Standard & Poor’s Ratings Services has published two reports, coinciding with the Reinsurance Rendezvous in Monte Carlo, which examine the reinsurance industry’s progress in implementing risk management techniques, the current pricing levels for reinsurance, and the possible effect on company ratings.
The first article indicattes that global reinsurance companies are “facing complex risks, increasingly strict regulations, and the opportunity to seize a competitive advantage.” S&P concludes that these challenges and opportunities may also give global reinsurers “many motives for improving their enterprise risk management (ERM).”
S&P’s article – “Reinsurers Continue To Lead In Enterprise Risk Management” – found that “overall, the insurance industry is making progress in this area, but reinsurers are leading the pack for a few reasons.”
Credit analyst Keith Bevan explained: “”Reinsurers generally face more complex risks than insurance companies do, and reinsurance companies are now recognizing they can get a leg up on their competition by improving their ERM. Also, greater regulatory scrutiny is giving reinsurers an incentive to include more comprehensive risk management in their business models.”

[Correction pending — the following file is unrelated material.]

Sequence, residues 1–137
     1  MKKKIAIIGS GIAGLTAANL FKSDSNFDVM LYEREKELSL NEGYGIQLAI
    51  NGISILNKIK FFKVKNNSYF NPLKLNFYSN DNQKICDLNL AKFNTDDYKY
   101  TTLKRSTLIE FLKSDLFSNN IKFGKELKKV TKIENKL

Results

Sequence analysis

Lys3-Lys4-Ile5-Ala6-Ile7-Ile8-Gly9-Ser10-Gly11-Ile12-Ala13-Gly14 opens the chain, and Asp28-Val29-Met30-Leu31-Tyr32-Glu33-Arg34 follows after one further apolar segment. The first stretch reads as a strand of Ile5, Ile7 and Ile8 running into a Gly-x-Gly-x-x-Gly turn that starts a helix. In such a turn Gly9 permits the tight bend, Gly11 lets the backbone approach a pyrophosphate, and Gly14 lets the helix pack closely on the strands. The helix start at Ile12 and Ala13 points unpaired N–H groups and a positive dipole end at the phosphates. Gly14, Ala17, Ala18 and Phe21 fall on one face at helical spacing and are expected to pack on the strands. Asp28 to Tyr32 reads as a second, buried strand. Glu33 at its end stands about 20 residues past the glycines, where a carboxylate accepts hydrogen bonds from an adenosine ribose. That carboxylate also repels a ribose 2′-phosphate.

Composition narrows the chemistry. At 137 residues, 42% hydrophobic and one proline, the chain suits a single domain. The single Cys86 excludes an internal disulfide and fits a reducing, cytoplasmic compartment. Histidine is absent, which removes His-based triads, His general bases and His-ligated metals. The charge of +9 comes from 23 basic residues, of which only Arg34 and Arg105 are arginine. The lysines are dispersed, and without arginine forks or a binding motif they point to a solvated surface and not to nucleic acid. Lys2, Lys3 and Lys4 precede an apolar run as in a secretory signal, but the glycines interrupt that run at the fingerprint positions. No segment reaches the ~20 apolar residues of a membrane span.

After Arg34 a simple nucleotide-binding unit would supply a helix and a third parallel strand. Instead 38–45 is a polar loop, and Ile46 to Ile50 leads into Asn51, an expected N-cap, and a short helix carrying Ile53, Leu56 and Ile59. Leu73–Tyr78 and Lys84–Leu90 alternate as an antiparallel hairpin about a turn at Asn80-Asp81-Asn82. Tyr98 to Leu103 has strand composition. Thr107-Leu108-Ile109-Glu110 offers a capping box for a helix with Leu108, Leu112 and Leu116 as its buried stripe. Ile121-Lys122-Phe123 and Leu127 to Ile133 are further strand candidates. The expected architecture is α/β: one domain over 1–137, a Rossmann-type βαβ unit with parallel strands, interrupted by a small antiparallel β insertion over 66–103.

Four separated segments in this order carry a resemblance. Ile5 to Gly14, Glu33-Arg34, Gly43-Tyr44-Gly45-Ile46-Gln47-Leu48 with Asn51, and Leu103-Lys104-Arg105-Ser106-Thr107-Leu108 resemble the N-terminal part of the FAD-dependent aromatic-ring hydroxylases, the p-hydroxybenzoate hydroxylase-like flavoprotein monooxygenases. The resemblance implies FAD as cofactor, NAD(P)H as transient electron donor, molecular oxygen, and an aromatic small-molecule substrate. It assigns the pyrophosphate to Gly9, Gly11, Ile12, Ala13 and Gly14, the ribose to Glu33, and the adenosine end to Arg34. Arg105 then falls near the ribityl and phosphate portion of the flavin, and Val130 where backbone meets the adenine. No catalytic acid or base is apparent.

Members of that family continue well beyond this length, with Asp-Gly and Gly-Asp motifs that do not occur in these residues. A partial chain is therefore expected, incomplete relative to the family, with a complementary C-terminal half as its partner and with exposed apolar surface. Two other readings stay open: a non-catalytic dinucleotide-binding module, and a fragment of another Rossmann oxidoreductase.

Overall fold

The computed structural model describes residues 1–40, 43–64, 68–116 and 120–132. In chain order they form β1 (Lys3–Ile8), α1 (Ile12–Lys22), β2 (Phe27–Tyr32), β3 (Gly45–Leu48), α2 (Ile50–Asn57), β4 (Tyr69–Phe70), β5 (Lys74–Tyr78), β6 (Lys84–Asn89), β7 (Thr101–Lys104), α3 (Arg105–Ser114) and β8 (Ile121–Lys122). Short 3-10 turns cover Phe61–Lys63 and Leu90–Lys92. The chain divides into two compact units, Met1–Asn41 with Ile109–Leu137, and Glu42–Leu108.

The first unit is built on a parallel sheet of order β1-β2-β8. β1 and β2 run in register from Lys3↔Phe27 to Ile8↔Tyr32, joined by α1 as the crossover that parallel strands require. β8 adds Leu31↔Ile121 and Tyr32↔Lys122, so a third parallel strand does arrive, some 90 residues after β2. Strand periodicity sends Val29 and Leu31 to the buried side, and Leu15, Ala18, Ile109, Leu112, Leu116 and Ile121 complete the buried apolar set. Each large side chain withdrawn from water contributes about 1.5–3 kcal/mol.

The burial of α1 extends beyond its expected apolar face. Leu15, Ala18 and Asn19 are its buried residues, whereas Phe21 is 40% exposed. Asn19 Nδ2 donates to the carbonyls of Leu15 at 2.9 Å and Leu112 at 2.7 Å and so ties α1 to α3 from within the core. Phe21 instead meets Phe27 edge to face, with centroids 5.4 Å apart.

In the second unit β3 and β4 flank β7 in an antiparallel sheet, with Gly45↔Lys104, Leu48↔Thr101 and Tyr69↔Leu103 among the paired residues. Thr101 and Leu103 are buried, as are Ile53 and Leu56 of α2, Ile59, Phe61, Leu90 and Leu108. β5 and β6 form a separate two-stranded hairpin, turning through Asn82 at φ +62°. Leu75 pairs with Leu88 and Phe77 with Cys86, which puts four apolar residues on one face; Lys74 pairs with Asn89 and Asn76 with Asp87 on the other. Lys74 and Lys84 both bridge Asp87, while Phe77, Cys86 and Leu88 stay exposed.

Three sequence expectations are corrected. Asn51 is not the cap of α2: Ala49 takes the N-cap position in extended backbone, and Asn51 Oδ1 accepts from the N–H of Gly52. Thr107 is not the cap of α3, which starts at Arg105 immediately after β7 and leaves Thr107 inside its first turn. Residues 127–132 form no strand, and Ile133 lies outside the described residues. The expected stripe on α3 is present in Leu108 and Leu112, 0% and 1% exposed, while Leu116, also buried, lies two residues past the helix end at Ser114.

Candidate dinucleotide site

S&P noted: “Our ERM assessment designates a (re)insurer’s ERM as excellent, strong, adequate, or weak. We consider approximately 80 percent of global insurers and reinsurers to have adequate ERM, with about 15 percent in the strong or excellent categories, and the remaining 5 percent in the weak category.
“This scoring distribution is consistent across most regions and sectors. However, reinsurers are an exception. Of the 33 reinsurers we assess globally, about 39 percent have strong or excellent ERM, nearly 58 percent have adequate ERM, and only 3 percent are in the weak category.”
In the second report S&P said it is “maintaining its stable outlook on the global reinsurance sector, albeit with considerable caution.”
The report – “Global Reinsurance: 2009 The Year Of Reckoning” – notes:” Macroeconomic headwinds, when coupled with the cyclical threats already confronting reinsurers, leaves little, if any, room for a continuation of the downward trend in pricing seen thus far during 2008. Consequently, further widespread price reductions would likely lead to a change in the sector outlook to negative.”
Credit analyst Peter Grant added that S&P’s “single largest concern for the sector over the medium-term is that reinsurers will fail to adjust their pricing upward quickly enough to account for what we believe could be a step change in both the frequency and severity of claims. This would cause even a modest further decline in pricing levels at the next renewal to result in a material reduction in rate adequacy.”
The report also looks in detail at the impact of the credit crisis and what the issues for the reinsurance market will be in 2009.
Source: Standard & Poor’s – www.standardandpoors.com
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